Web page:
Do you remember when your parents resorted to the imperative? If you were doing something that mildly irritated them, they might say, “Now don’t you think you would rather do this?” That is NOT the imperative form. But if you were doing something that absolutely infuriated them, and they were at their wit’s end, then you would get the imperatives that would shoot out like lightning bolts: “Quit it! Put it down! March to your room! Go to bed!” Those are imperatives. Parents save them for special occasions.

That is the grammatical form Isaiah used in this sermon. And did you notice that not one of those imperative verbs is “believe”? Not one! When did we get the idea that being a Christian means checking off a list of doctrines that we believe? Not from the Bible! Doctrine was not the issue! I imagine anyone in that congregation could sit down and carry on an extended theological conversation about belief. They were not lacking in doctrinal correctness.

What they lacked was personal ethics and social justice. Isaiah was making the radical claim that personal ethics and social justice are more important to God than correct doctrine and worship by the book. He was saying, “Forget your worn-out creeds if you can’t treat people with respect and dignity.”


OK—let’s take a breather here and give young, brash, impulsive, bold, and undiplomatic Isaiah a break. At least he knows how to get our attention! He has those folk sitting on the edge of their pews! He paints a word picture that has them captivated. The scene is a Hebrew courtroom. The language is the language of a Jewish law court. Come now, let us reason together was a formula used by a judge about to read a sentence. It is equivalent to a modern judge saying the formula: Has the jury reached a verdict? No one is breathing. You can hear a pin drop.

In Isaiah’s word picture, the religious establishment is standing before the judge, and the judge is about to pass sentence. The judge opens his mouth and says, “The evidence is overwhelming; the hands of the religious community are dripping with blood.” There is a rumble of approval in the courtroom as the crowd mumbles its favor. The crowd, after all, is fed up with pious religious hypocrisy.

Then the judge calls for order and continues with the sentence: “The court declares that their guilt is completely forgiven! “What!” shouts the crowd! “What did you say? Surely not!” Then the judge adds this: “But this forgiveness is not free: it comes with a price. The religious community must from this point on live up to its doctrine by seeking justice, correcting oppression, defending the fatherless, and pleading for the widow.”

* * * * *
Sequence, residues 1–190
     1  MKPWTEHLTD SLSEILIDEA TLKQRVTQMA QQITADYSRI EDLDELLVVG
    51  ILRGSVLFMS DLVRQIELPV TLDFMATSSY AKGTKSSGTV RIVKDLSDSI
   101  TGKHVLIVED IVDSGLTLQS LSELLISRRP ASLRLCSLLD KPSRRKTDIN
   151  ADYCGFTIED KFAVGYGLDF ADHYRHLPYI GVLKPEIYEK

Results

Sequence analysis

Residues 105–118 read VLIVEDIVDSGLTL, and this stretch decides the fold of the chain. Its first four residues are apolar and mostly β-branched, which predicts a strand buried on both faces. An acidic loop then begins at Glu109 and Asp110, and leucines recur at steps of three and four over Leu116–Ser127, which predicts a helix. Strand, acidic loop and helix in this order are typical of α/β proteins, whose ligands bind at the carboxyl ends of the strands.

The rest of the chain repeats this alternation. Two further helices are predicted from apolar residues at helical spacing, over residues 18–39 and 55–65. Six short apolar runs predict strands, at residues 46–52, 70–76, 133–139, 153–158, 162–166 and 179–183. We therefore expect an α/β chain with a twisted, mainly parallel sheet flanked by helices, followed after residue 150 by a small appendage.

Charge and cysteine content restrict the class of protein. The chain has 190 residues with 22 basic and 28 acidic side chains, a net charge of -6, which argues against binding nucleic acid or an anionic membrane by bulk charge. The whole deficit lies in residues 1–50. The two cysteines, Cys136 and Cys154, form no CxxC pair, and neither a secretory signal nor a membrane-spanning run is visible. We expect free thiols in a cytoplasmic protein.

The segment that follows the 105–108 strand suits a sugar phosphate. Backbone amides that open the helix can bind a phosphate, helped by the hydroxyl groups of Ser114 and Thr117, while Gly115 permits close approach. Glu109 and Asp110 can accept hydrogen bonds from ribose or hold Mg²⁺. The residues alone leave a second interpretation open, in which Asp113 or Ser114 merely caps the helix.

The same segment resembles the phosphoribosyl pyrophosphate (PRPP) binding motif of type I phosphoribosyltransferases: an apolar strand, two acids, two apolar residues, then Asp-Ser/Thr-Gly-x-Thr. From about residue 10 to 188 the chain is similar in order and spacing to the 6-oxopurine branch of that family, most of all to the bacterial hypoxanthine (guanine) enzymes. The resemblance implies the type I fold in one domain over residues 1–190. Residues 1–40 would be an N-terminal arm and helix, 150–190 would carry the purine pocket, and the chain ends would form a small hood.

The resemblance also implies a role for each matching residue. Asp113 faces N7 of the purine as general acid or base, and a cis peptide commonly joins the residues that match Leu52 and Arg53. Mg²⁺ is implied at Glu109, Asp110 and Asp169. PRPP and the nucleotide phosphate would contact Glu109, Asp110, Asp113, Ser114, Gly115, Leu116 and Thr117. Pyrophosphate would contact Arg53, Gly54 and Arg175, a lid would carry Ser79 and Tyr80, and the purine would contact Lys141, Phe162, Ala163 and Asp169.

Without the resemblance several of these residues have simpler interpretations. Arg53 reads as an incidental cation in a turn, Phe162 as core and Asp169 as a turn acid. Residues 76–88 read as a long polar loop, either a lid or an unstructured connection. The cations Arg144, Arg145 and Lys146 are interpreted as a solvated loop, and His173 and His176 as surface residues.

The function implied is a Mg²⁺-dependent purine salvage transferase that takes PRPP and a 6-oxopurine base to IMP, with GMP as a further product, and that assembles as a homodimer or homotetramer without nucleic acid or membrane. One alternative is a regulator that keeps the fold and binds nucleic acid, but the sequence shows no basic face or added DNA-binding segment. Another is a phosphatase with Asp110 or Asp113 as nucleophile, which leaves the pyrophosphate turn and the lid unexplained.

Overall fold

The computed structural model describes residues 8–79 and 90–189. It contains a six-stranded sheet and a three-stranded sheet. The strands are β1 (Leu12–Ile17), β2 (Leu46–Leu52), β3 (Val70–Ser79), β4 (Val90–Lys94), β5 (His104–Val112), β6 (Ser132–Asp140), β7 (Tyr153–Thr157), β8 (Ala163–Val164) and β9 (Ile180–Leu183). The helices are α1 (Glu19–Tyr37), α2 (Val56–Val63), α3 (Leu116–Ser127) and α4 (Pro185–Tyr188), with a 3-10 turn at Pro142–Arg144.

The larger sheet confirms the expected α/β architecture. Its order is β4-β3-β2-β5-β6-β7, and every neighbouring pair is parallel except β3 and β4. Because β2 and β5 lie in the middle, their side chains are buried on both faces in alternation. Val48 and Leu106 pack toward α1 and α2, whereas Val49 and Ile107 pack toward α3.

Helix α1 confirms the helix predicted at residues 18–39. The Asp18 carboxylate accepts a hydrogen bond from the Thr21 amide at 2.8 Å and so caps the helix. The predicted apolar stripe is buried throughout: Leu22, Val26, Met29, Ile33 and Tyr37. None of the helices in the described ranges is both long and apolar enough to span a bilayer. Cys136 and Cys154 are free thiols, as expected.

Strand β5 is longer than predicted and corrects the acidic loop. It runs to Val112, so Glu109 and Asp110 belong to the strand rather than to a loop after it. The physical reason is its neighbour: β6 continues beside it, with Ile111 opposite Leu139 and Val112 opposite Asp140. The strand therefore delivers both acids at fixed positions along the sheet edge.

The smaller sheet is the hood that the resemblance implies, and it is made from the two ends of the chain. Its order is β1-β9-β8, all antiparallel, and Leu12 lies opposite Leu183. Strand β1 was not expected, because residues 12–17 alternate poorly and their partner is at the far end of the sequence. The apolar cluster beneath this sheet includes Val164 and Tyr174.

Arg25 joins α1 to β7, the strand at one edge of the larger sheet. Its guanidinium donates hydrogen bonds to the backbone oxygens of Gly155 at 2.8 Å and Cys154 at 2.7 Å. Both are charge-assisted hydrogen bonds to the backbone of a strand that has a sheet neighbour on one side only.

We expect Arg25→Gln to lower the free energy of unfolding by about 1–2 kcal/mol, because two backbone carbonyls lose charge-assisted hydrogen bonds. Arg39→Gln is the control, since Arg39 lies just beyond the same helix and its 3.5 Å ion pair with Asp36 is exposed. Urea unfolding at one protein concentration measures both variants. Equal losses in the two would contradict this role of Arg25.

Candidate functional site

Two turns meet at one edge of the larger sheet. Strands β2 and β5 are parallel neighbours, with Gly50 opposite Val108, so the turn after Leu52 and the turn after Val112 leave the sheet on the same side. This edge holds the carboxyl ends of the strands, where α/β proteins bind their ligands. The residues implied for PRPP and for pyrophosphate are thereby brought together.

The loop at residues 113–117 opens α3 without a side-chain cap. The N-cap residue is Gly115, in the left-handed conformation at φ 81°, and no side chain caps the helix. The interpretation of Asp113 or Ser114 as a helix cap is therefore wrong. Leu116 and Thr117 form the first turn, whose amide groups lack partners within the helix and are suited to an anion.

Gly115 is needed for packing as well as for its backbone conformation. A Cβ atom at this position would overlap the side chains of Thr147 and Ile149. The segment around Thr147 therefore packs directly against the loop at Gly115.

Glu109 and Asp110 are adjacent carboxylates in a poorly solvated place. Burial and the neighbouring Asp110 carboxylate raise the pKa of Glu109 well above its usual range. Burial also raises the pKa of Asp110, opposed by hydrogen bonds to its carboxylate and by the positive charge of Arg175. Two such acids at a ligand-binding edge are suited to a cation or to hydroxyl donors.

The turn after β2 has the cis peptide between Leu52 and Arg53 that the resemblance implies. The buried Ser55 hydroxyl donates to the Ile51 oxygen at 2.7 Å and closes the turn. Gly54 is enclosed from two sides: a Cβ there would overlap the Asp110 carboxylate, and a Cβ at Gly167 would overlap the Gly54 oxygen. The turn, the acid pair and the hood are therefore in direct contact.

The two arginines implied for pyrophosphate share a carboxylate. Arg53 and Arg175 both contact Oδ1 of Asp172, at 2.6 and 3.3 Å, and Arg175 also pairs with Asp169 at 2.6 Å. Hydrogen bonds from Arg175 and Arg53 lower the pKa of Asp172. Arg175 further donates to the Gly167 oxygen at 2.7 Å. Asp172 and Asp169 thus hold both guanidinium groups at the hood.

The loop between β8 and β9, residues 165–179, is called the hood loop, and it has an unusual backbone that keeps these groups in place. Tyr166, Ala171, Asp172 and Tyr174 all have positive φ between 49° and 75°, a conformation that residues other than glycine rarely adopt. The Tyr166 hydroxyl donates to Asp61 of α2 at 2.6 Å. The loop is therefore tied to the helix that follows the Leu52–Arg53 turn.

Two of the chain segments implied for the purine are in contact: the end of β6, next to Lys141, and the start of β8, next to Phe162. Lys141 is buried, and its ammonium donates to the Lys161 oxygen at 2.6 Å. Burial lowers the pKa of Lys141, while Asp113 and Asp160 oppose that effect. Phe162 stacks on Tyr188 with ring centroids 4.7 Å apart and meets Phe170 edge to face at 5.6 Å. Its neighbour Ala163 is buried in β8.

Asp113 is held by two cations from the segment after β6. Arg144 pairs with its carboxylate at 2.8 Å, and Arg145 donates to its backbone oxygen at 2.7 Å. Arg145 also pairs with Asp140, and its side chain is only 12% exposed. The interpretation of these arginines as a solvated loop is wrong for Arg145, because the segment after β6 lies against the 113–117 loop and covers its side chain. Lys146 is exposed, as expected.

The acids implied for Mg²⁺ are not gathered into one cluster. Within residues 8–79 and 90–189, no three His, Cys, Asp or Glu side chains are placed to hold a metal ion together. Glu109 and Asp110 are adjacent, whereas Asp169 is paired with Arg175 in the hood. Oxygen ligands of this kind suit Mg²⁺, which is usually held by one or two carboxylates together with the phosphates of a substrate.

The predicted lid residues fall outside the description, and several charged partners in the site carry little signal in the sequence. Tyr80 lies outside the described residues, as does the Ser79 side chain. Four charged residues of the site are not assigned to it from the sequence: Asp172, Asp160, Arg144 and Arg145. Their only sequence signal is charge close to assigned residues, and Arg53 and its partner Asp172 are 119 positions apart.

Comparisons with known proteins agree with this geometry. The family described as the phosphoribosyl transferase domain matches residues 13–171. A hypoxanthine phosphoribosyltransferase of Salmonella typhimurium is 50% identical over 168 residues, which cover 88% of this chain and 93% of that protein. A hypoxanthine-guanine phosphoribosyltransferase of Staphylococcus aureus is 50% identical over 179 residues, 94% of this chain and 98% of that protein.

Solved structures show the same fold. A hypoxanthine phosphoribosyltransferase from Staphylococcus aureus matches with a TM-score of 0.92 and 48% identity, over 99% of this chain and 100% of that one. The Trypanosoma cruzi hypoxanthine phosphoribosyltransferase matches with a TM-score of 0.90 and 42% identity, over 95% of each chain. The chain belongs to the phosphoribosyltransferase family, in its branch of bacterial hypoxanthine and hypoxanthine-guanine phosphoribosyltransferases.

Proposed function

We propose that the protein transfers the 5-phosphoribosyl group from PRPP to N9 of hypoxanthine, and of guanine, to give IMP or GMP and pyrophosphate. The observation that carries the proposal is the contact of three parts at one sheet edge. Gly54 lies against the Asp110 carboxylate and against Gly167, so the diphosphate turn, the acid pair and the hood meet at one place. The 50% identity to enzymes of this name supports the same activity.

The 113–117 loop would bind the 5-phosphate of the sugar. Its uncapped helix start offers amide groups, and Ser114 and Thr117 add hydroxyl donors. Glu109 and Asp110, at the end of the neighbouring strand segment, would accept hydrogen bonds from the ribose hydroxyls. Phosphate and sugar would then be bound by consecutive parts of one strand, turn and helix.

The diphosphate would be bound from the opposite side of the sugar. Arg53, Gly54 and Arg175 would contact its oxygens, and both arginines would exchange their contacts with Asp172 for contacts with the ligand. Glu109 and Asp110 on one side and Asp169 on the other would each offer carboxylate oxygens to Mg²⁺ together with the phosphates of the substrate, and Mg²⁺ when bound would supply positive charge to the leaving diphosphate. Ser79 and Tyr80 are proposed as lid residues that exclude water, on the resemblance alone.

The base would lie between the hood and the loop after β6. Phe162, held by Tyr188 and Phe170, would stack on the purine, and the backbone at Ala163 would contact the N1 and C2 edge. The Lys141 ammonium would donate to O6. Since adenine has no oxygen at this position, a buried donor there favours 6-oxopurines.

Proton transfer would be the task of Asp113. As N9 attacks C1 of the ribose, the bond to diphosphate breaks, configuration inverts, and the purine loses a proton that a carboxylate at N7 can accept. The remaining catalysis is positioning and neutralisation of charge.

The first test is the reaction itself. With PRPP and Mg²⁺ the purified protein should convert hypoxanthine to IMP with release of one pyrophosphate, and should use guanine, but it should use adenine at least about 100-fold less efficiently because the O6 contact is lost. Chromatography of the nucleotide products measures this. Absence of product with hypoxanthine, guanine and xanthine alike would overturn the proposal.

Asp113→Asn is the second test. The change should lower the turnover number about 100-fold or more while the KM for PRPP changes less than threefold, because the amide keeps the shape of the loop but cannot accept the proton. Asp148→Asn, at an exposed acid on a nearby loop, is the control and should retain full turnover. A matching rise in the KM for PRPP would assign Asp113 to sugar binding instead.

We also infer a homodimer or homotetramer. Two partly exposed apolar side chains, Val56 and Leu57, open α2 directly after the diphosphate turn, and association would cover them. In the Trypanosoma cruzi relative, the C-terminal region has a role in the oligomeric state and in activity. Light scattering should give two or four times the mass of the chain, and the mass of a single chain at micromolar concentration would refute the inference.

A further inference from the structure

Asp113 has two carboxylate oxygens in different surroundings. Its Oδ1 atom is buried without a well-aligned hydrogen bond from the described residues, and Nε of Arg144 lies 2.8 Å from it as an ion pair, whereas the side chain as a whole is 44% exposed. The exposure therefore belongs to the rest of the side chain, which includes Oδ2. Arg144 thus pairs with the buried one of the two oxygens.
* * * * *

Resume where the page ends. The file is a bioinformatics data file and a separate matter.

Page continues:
The courtroom sits in stunned silence. Finally, a local pastor stands up at the defense table and speaks: “You mean we are scot free?” “No,” says the judge, “you are not scot free; you are only free if you become the conscience of the community; you are only free if you live out your faith in tangible ways that convinces the court that you are sincere in your faith.

This is the scene described by Isaiah. It is a word picture that is seared into their minds, and it has lived through the centuries because it is a universal truth. The beautiful words of forgiveness are forever linked to the nine imperatives that precede those words.


Centuries later, Jesus would make this clear to a man named Zacchaeus. Remember him?–the little fellow up in the tree who had cheated and swindled his way into wealth and prominence. Half of my goods I give to the poor; and if I have defrauded any one of anything, I restore it fourfold, said Zacchaeus.
Jesus responds by saying, Today, salvation has come to this house…, not because Zacchaeus had correct Christology or because Zacchaeus had a particular view of the Bible, or because Zacchaeus could recite a creed. Salvation came because he learned to love his neighbor, and he knew deep down that he was loved, forgiven, and accepted by the great Power of the universe.

When you receive your bread and that little thimble full of Welch’s grape juice this morning, you may look at them and think, “They are so tiny, and we have the audacity to call this a supper!” But that little piece of bread is not small; it symbolizes a gift so big that it covers the whole world! And that little bit of grape juice is not small; it symbolizes a grace that is greater than all our sin.

Come now, let us reason together. We are loved…forgiven…accepted by God; when we know that, there is very little we cannot do when we work together as a congregation.

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October 26, 2014 FAITHFUL TO THE DREAM

Deuteronomy 34: 1-12
A sermon by Thomas R. McKibbens
October 26, 2014

Hear the sermon.

How would you like to write your own epitaph? Cemeteries today tend to require that all headstones be the same size and shape, and none of them with epitaphs. How boring! Whatever their reasons for such dullness, we and those who follow us have lost something when they do away with epitaphs.
Epitaphs are a gift to future generations. Most of us are familiar with variations of this often used and somewhat smug epitaph found in multiple cemeteries around the world:
Come, blooming youths, as you walk by,
And on these lines do cast an eye.
As you are now, so once was I,
As I am now, so shall you be.
Remember this and follow me.

To which someone at a cemetery in Waynesville, NC replied by writing on the tombstone: